IFAT Munich 2016 − a report
Professor Simon Judd has over 30 years’ post-doctorate experience in all aspects of water and wastewater treatment technology, both in academic and industrial R&D. He has (co-)authored six book titles and over 200 peer-reviewed publications in water and wastewater treatment.
In his capacity as director of Judd Water & Wastewater Consultants, Simon is co-owner of The MBR Site.com, as well as of our sister website SludgeProcessing.com. He is Professor in Membrane Technology at the Cranfield Water Science Institute at Cranfield University in the UK where he has been a staff member since 1992. Simon was also a Research Chair at Qatar University in the Middle East for six years until September 2018.
As the largest water-wastewater-waste trade show globally, Munich’s IFAT (30 May−3 June 2016) is certainly a sizeable affair. The Messe München venue, handily placed at the end of the U2 metro line, comprises 16 aircraft hanger-sized halls, with enough space for outdoor events (a five-a-side football tournament, perhaps) between each one. I can confirm it’s a generously proportioned venue, having been forced to walk half its circumference, only afterwards being made aware of the shuttle bus.
I was there primarily to contribute to Berghof’s 50th anniversary event, but also spent some time wandering around the main trade show with Claire and meeting others whose lives are also intimately entwined with the glamorous world of sewage.
The Berghof event itself threw up some interesting points, particularly during the panel session. Under my uncertain stewardship as panel convenor, the discussion covered a range of topics, for example: the relative market value of desalination and kidney dialysis membranes compared with low-pressure (microfiltration and ultrafiltration) ones; the corresponding relative costs of these membranes (in terms of $/m2); the fate of copper from distillery effluents; the removal of micropollutants generally using MBRs, and governing legislation (or lack of it); membrane fouling and clogging, for both aerobic and anaerobic MBRs; and future trends.
As far as the latter is concerned, topics included (in no particular order) biomimetic membranes, ceramic membranes, anaerobic and/or zero-energy systems, and hybrid technologies. The hosts did a fine job of providing the appropriate facilities and, most critically, coffee and cake (the latter with corporate branding), with the audience posing some intriguing questions, and the panel impressing all with their wide-ranging knowledge and experience. Doubtless the 60-year anniversary event is already in the planning stages.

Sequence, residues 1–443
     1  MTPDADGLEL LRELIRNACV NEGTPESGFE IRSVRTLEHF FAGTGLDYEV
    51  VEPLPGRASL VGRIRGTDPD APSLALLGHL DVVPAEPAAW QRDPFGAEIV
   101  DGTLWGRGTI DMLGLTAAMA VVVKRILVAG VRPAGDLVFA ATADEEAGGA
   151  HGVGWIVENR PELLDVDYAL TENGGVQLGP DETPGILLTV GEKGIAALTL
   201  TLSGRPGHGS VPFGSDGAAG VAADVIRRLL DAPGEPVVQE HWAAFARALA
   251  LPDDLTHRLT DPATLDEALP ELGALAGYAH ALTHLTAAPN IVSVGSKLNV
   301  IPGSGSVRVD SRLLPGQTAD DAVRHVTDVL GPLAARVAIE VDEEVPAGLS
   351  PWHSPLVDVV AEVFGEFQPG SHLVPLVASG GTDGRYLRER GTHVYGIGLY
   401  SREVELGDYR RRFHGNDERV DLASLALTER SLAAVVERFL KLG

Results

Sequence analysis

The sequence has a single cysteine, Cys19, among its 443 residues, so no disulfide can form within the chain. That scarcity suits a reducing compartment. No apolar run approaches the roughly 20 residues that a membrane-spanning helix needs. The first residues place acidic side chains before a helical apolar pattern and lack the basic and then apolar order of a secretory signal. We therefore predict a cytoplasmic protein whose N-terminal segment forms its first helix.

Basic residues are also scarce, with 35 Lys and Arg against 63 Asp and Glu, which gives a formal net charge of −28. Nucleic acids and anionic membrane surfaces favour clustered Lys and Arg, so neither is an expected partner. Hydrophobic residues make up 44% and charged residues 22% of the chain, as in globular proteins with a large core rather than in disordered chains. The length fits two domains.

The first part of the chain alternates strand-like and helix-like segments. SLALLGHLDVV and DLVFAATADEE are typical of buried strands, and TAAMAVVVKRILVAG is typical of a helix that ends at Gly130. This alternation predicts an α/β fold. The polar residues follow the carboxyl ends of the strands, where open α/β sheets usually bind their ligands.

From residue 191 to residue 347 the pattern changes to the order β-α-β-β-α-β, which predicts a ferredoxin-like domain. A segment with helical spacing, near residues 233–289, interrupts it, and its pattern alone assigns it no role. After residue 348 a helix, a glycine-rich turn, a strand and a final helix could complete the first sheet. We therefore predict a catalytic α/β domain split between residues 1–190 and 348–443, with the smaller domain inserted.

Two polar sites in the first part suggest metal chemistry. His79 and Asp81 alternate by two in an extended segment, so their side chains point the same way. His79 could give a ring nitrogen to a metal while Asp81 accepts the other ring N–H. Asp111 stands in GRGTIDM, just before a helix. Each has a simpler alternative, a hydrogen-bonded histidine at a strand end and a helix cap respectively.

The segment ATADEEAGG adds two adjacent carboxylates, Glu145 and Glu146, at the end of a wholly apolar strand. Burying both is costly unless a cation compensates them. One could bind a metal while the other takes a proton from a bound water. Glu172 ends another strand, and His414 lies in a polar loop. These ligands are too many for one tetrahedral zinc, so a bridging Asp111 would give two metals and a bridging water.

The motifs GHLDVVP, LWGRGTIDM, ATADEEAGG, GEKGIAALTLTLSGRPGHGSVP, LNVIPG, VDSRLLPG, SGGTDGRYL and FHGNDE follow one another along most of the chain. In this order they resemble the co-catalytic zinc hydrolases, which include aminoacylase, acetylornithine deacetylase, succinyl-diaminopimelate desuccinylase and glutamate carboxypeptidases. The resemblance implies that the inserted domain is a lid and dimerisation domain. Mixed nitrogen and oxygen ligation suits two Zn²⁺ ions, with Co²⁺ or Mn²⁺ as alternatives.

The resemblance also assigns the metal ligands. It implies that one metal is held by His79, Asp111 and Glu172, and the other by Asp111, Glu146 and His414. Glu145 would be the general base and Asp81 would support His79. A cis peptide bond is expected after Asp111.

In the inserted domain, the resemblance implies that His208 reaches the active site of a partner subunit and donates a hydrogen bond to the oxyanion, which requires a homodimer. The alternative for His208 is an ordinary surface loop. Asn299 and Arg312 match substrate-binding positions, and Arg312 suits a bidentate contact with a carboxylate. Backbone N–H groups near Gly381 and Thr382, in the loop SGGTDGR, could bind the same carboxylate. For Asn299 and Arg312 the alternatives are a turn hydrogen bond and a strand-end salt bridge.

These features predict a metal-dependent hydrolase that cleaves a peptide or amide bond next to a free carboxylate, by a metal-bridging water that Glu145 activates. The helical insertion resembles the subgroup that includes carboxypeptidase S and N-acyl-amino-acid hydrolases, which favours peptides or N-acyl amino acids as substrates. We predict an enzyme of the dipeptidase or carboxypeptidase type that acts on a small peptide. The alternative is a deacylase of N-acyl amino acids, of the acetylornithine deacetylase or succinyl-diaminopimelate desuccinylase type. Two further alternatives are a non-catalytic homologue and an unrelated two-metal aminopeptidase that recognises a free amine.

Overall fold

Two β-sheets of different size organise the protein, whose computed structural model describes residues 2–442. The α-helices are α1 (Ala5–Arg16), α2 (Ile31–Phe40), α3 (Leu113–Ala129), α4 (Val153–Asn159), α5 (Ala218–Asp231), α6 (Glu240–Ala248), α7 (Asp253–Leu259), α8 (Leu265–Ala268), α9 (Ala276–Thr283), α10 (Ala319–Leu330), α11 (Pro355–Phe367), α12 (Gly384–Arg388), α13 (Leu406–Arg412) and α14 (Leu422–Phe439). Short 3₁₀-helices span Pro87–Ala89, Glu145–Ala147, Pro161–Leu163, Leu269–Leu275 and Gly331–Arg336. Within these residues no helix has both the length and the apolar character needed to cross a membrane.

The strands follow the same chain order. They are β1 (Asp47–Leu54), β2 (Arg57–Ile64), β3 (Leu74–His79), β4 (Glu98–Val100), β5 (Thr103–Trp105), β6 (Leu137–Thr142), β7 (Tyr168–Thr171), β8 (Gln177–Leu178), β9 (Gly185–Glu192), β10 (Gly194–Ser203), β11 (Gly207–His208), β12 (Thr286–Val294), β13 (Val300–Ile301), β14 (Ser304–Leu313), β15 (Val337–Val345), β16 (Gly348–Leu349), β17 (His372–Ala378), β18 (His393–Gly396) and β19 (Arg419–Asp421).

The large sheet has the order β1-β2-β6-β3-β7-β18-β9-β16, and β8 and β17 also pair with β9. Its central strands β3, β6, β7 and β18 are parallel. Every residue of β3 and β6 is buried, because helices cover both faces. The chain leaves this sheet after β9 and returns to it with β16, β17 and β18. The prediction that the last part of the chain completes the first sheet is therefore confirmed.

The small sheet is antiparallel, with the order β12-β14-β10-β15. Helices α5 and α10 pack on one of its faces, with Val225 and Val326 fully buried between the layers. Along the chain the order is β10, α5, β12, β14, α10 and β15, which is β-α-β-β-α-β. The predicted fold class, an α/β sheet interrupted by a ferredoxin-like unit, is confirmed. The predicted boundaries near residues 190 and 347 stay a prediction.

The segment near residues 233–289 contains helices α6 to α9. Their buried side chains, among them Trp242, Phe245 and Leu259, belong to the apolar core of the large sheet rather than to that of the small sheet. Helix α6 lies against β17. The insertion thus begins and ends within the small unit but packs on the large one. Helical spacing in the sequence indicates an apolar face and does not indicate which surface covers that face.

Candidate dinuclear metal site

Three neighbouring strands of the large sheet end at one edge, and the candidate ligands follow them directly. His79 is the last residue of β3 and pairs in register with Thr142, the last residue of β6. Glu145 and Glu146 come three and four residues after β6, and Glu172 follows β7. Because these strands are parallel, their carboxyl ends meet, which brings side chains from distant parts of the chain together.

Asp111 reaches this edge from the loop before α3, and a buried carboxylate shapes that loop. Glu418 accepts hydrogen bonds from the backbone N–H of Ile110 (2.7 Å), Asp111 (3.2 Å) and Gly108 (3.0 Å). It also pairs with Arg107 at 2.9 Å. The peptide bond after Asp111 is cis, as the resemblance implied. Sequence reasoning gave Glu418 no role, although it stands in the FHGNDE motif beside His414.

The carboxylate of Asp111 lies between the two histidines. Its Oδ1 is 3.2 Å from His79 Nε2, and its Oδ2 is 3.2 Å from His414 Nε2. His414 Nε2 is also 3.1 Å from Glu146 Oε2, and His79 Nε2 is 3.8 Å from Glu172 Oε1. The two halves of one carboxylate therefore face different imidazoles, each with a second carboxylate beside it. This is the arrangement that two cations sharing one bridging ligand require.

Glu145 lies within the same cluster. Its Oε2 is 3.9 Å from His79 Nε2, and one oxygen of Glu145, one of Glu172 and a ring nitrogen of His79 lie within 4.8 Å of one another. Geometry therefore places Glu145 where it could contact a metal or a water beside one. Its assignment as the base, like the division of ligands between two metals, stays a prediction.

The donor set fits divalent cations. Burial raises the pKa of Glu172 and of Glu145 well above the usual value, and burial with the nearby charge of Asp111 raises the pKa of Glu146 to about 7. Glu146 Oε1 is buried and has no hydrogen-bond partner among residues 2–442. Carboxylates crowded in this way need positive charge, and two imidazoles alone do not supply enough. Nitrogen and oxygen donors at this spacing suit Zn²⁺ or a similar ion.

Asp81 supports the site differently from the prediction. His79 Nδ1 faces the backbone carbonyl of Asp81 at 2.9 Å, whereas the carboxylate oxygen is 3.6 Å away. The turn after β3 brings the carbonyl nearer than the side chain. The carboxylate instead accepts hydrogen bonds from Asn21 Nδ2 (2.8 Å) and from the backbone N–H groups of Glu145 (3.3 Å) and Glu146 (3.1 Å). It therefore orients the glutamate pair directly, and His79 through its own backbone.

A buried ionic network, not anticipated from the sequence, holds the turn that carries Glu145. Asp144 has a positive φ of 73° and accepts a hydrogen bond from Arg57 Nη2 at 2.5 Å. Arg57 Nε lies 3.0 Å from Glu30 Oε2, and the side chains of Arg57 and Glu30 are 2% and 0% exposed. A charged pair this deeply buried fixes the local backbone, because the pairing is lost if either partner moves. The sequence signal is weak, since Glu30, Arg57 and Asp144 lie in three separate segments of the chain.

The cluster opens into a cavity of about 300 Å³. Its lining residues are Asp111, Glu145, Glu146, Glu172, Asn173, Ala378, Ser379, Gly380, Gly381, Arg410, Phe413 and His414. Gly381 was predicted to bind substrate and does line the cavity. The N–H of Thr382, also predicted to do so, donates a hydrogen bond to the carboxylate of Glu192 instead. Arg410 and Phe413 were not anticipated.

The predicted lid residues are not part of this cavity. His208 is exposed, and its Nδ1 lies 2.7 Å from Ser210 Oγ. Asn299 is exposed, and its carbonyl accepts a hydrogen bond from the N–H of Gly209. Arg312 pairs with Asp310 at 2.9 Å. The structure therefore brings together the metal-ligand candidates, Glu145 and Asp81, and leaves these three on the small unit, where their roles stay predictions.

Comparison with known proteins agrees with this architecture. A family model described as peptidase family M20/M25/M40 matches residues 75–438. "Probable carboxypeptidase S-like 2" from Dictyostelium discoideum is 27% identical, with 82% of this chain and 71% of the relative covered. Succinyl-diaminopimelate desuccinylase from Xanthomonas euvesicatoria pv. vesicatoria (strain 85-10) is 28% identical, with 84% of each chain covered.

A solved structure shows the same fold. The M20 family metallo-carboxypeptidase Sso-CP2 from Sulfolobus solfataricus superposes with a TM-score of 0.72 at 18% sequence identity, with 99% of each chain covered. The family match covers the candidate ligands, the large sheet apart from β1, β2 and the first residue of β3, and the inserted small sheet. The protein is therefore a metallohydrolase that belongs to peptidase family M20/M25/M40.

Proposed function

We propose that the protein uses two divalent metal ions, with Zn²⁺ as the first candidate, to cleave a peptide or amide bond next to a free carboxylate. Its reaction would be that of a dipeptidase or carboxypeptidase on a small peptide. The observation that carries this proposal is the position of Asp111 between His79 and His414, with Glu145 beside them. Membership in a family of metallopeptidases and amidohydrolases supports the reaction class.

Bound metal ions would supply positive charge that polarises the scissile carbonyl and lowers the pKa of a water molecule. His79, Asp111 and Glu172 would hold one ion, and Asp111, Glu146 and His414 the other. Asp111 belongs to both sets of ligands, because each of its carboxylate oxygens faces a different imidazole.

After the Innovation Day, Claire and myself spent an educative day-and-a-half meeting up with representatives from a large number of MBR membrane and technology providers: A3, ADI Systems, Alfa Laval, Berghof Membrane Technology, CUT Membrane Technology, Jäger, Evoqua, Freudenberg, GE Water & Process Systems, Grundfos BioBooster, Huber Technology, Koch Membrane Systems, Kubota, Likuid Nanotek, Martin Membrane Systems, Membrana, Memos, Microdyn Nadir, Mitsubishi Rayon, newterra, Pentair, Shanghai Sinap, Supratec, Toray, and Wehrle: apologies if I’ve missed anyone.
And, as is always the case at such events, there were welcome chance meetings with Cranfield University alumni from Water MSc courses of yesteryear. My, haven’t they grown (beards, predominantly).
It always seems to me that the commercial aspects of MBR technology are rather more engaging than the scientific ones. Certainly, there are rather more installations for some of the suppliers than I’d appreciated (120 based on Alfa Laval’s Hollow Sheet, for example, and over 3,600 Mitsubishi Rayon installations – mainly in East/South-East Asia). Clearly, business is pretty good, on the whole, in the world of MBRs – to the extent that there are still players entering the market (such as CUT, who already have at least one reference site for their multitube membrane module) and new product launches, including the visually impressive new rotating membrane module from Huber: a mighty beast.
There were also quite a few examples of block membrane modules based on flat sheet composite membranes. These modules are smaller and stacked up to six high, depending on the design, compared to the classical single-/double-deck rigid panel design. But as far as marketing innovation is concerned, the prize must surely go to Martin Membrane Systems. This company ingeniously offered up German sausage with beer and, the piece de resistance, freshly prepared ice cream. Not being much of a drinker, I fell victim to over-indulgence on the ice cream front. Well, it would have been impolite to refuse.